Turning dialogue into a new public school in Ohio
The city of Oberlin, Ohio, faced a daunting municipal challenge: deciding whether to renovate four dilapidated school buildings, or to replace them with a single, modern, costly edifice.
Risks and rewards were present for both options, and the question had been publicly debated for nearly a decade with little forward progress. The public was frustrated that nothing was being done, but there was also no consensus on what to do.
That is, until four Oberlin residents attended Essential Partners' Ohio Civic Engagement Incubator training.
A Civic Initiative
Last fall, in cooperation with the League of Women Voters and Welcoming America, leaders from across Ohio joined Essential Partners for a yearlong Civic Engagement Incubator training program to learn EP’s approach to dialogue facilitation across divisive issues. And the participants committed to bring their newly-developed skills back to their communities.
The four EP alumni from Oberlin first appealed to the school board and administration for approval to engage in a community dialogue about the schools. They received lukewarm support. Most assumed this dialogue would end back in the status quo: stagnation, deadlocked conversations, no movement forward on the issue.
The first dialogue was held in April. In order for the conversation to be less polarized, the school board and administrators weren’t invited. During the dialogue, community participants revealed that they didn’t feel all voices have been heard on the matter. They also didn’t feel that information about the choice was readily accessible.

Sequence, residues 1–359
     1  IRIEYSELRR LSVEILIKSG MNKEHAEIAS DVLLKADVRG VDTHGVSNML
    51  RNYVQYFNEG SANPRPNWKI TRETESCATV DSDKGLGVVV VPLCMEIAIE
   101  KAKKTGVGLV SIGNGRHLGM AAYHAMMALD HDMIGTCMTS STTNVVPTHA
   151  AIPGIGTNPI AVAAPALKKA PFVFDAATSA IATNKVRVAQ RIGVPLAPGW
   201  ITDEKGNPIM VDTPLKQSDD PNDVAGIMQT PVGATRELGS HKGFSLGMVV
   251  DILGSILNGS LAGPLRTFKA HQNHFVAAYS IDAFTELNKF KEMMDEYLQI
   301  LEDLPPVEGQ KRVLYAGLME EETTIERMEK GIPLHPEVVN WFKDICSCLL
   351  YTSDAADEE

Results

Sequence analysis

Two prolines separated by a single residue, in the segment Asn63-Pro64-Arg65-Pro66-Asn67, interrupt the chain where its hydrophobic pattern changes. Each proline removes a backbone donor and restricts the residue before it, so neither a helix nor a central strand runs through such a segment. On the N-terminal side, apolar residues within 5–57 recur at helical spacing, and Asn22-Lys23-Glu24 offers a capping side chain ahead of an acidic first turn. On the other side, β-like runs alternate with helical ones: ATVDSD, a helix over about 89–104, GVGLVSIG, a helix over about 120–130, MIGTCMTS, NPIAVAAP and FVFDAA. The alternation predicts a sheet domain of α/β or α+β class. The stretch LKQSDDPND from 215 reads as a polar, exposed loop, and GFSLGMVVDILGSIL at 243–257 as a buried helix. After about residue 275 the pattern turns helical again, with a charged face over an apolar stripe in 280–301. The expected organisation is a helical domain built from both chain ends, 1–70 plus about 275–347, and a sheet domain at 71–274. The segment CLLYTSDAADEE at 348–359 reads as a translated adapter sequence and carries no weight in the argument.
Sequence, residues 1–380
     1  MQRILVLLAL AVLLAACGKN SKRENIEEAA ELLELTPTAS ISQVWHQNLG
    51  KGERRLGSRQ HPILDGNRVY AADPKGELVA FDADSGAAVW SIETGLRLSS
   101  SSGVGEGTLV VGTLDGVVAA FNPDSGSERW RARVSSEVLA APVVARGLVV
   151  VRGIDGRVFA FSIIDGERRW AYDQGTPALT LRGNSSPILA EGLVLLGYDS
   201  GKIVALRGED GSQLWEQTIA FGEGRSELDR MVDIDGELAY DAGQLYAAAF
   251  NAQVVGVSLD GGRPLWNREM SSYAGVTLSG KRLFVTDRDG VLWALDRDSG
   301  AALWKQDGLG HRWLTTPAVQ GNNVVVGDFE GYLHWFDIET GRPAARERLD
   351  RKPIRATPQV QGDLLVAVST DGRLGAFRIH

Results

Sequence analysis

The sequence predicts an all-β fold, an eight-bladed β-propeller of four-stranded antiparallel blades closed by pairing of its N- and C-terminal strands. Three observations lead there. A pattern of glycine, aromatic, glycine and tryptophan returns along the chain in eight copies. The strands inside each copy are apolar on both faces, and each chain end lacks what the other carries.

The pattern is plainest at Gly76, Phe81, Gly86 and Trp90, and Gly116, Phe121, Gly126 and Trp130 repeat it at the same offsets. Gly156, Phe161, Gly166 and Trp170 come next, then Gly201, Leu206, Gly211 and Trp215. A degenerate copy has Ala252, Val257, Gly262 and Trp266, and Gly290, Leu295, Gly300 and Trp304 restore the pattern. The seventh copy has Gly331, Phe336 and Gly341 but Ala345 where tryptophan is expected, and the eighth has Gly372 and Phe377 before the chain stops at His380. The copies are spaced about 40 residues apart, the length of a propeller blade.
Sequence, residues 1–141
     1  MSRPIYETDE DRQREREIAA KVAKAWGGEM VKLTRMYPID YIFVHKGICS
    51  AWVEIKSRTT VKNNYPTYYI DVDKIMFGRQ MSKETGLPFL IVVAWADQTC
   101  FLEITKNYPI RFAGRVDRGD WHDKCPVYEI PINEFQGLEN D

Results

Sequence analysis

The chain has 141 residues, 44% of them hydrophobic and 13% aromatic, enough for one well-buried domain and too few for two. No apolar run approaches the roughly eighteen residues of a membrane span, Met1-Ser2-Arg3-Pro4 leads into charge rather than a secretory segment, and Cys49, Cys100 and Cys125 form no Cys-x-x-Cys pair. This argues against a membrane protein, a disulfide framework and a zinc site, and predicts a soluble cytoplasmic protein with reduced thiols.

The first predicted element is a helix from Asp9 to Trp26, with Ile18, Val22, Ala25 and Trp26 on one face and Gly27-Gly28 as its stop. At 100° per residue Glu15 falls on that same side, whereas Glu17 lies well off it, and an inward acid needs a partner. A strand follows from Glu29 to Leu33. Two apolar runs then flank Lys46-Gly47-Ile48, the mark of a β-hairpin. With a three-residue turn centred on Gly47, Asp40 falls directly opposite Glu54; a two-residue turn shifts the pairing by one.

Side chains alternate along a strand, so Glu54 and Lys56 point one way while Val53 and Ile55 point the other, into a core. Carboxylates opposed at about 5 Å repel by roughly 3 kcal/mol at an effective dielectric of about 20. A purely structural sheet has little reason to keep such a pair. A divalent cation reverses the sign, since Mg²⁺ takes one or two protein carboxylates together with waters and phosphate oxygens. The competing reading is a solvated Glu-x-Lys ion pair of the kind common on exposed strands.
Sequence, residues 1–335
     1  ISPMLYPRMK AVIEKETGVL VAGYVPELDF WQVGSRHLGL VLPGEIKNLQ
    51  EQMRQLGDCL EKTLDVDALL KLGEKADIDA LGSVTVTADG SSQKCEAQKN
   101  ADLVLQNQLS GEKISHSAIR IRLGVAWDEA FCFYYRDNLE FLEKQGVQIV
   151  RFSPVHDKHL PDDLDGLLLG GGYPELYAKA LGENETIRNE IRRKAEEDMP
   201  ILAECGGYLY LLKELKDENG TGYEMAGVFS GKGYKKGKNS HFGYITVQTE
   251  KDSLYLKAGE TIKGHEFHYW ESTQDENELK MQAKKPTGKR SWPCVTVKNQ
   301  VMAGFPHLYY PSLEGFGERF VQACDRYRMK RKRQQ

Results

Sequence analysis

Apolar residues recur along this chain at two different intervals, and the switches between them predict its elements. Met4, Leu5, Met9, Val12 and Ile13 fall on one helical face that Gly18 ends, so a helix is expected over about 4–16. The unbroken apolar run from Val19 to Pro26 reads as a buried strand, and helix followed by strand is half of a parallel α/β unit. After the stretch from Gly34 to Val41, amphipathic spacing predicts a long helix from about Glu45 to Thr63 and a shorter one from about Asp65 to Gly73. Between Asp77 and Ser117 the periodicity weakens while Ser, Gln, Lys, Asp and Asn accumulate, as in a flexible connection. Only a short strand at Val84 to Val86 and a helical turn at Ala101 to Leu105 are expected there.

For this complicated and important project, the community felt both excluded and under-informed. This came as a surprise to the School Board, who requested that the EP alumni organize a second dialogue—one the board members and administrators could join as well.
Breakthrough and Ballot
The second community dialogue, held in June, attracted more participants and provided fresh perspectives on the issue. People from the larger community felt more involved in the process.
New voices and a new sense of enthusiasm pushed the board members out of their ruts. And in the 2018 election, after nearly a decade of deadlock and stagnation over the project, voters in Oberlin approved a municipal bond measure for the school. The new building should be ready for classes in 2022.
Civic Engagement Incubator alum Kim Davidson remarked on the importance of dialogue to the progress their community has made: “If we had had these skills several years ago—when the conversations around constructing a new school were younger, and people were less jaded and feeling less left out of the conversation—this might have been the kind of thing that could have produced a groundswell of support.”
Not Done Yet
The four alumni of the Essential Partners’ Civic Engagement Incubator training have started the process of building a more resilient community in Oberlin. They plan to lead more dialogues about education in the city of Oberlin, to find areas where people want to help improve their public schools. With their help, Oberlin is becoming a community where people can discuss divisive issues openly, where all voices can be heard, and where it’s possible to collaborate to create positive change.